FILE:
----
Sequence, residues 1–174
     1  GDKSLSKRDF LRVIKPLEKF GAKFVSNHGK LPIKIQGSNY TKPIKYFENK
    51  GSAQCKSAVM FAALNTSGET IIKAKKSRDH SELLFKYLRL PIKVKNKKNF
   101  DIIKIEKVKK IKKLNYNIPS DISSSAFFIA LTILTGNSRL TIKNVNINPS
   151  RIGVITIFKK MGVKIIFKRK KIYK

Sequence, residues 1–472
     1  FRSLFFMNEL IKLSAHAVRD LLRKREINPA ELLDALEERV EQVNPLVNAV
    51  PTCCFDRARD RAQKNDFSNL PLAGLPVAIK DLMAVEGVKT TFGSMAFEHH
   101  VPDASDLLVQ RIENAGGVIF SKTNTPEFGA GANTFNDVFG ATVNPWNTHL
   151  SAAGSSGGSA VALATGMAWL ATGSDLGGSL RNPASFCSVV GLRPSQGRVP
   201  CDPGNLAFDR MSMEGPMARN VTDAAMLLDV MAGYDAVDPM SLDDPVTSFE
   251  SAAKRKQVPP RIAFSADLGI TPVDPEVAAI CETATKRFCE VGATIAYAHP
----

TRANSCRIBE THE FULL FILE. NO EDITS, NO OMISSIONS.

Sequence, residues 1–174
     1  GDKSLSKRDF LRVIKPLEKF GAKFVSNHGK LPIKIQGSNY TKPIKYFENK
    51  GSAQCKSAVM FAALNTSGET IIKAKKSRDH SELLFKYLRL PIKVKNKKNF
   101  DIIKIEKVKK IKKLNYNIPS DISSSAFFIA LTILTGNSRL TIKNVNINPS
   151  RIGVITIFKK MGVKIIFKRK KIYK

Sequence, residues 1–472
     1  FRSLFFMNEL IKLSAHAVRD LLRKREINPA ELLDALEERV EQVNPLVNAV
    51  PTCCFDRARD RAQKNDFSNL PLAGLPVAIK DLMAVEGVKT TFGSMAFEHH
   101  VPDASDLLVQ RIENAGGVIF SKTNTPEFGA GANTFNDVFG ATVNPWNTHL
   151  SAAGSSGGSA VALATGMAWL ATGSDLGGSL RNPASFCSVV GLRPSQGRVP
   201  CDPGNLAFDR MSMEGPMARN VTDAAMLLDV MAGYDAVDPM SLDDPVTSFE
   251  SAAKRKQVPP RIAFSADLGI TPVDPEVAAI CETATKRFCE VGATIAYAHP